The 17-time major champion contemplated both scenarios, holding out hope as long as he could that he'd find a way to enter at least one of the big events in August.
In the end, his balky left knee wouldn't allow him to do either.
At a meeting with doctors and trainers, Federer recalled, ''Everybody said, `You need a break - right now.'''
So the Swiss great announced in late July that he'd miss the rest of the season, by far the longest layoff of a remarkably healthy career.
Federer, who turned 35 this month, was in Manhattan on Wednesday to talk about playing tennis next year at the new Laver Cup team event. But for the first time since 1999, he's not preparing for the U.S. Open.
He underwent an arthroscopic procedure in February to repair torn cartilage - the first surgery of his career. Federer hasn't played since his Wimbledon loss to Milos Raonic, in which he fell awkwardly and called the trainer to check on what had become a nagging knee problem.
''I never really had pain, funny enough,'' Federer said Wednesday. ''It just felt unstable.''
Then there was the swelling.
''When it's swollen, you can't compete at the best level,'' he added.
An MRI didn't show anything distinctly different from before. For all his upbeat talk Wednesday about his future, Federer let some doubts seep in when he discussed the mystery of what's going on in the knee.
''That's why, I think, it's been to some extent frustrating,'' he said. ''At least if I had a lot of pain, or if the scan shows you thoroughly what exactly the problem is, then I think it's easier to take a decision.
''I really hope I'm not being misled by the knee that it doesn't feel painful. But it's just not 100 percent. That's why I just think the beating that I got in Wimbledon and the clay court season was just so complicated.''
Federer, who also skipped the French Open because of a bad back, didn't play tennis for five or six weeks and just now is starting to do a few things on the court. He's focused on exercises to strengthen his left quadriceps, such as squats, so he'll be physically ready once he ramps back up to his full workouts to prepare for January's Australian Open.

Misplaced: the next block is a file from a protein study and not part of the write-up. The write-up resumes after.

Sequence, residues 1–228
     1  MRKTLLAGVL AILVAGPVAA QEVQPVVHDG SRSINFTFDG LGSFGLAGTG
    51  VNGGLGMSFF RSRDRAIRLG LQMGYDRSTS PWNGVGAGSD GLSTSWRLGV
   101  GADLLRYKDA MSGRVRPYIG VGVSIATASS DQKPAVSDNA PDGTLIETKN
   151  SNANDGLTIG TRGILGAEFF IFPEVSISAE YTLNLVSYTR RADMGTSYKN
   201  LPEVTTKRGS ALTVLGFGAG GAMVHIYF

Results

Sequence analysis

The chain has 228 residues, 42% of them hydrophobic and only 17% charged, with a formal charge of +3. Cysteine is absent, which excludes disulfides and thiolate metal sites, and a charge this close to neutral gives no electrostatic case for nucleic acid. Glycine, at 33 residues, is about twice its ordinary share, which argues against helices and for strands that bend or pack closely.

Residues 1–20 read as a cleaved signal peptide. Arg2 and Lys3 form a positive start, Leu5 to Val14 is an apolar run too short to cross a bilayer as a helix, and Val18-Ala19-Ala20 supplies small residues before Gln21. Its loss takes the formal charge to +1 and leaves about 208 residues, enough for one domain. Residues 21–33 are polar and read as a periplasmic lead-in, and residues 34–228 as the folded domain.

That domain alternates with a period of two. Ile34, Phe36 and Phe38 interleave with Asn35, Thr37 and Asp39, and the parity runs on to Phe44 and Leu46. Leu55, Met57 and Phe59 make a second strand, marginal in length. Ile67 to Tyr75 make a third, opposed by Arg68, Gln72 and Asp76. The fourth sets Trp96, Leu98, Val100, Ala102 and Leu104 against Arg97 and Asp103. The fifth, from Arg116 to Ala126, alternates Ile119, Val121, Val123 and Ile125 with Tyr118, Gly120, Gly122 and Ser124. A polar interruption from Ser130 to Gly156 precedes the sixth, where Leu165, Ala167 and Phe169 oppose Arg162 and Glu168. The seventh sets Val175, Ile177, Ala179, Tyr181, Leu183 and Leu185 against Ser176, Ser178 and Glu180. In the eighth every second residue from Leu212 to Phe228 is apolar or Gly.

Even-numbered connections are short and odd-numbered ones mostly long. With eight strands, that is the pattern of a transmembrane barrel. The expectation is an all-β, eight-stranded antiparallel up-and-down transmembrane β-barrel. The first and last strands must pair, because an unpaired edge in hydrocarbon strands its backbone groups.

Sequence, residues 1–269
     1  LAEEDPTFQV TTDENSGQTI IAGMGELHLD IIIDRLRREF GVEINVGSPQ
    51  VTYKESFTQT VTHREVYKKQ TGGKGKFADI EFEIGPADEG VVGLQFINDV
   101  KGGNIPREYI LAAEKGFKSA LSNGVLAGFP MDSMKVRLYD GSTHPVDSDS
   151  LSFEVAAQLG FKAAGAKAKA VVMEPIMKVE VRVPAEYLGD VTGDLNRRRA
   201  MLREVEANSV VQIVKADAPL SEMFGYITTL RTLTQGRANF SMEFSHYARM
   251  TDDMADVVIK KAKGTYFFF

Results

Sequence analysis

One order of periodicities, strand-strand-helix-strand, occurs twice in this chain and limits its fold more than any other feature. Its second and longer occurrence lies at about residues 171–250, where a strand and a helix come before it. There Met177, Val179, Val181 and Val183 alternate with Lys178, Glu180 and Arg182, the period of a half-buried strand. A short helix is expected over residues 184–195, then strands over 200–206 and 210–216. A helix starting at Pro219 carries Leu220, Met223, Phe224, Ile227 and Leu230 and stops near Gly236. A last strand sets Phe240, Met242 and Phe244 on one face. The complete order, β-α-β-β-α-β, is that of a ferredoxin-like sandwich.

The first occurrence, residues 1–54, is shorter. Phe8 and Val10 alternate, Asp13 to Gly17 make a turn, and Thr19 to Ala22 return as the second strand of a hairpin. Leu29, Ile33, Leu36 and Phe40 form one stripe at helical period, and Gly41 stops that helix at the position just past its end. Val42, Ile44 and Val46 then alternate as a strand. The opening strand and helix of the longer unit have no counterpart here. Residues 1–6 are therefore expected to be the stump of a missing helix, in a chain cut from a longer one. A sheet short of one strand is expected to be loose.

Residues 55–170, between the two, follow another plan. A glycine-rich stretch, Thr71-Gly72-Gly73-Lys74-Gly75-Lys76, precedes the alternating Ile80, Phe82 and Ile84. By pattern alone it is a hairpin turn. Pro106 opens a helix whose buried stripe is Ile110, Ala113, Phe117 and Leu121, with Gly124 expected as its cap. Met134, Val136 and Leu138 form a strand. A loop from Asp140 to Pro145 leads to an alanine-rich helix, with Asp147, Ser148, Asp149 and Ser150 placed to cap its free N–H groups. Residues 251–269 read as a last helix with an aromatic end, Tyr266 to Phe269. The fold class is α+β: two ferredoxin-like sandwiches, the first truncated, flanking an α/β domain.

It might have been possible to return for a couple of tournaments late in 2016, Federer said, but there was no point once he knew he would miss the bulk of the fall schedule.
He reflected back to this past January, when the Laver Cup concept was unveiled at the Australian Open, and marveled: ''My God, I never thought I was going to have a year the way I had it.''
He hurt his knee while preparing a bath for his twin daughters, then later saw his record 65-appearance streak at major tournaments end. Federer won't win a title in a season for the first time since 2000. And now that he missed the Rio Games, his career could end without an Olympic singles gold medal.
He insisted he hasn't missed competition yet, though maybe that will change when the U.S. Open starts next week. The quiet away from the spotlight has been nice, he said - even if he quickly amended that to: ''I've got four kids - it's a different quiet.''
Back in New York, site of five of his titles, Federer said he watched a lot of volleyball during the Olympics and spoke to Andy Murray after the Brit won gold. Despite Murray's recent run, Federer still believes Novak Djokovic is the favorite at the U.S. Open.
No matter that the world's top-ranked player has struggled by his standards since completing the career Grand Slam at Roland Garros - Djokovic is just too good on the hard courts and too successful against Murray, Federer said.
If the Serb does win to move within four major titles of Federer's record, the man he's chasing will be forced to watch from afar.
''In a way it's painful, just because I love this place,'' Federer said, ''and it's hard watching the Olympics - I would have loved to have competed there as well. ... Would have loved to win a medal.''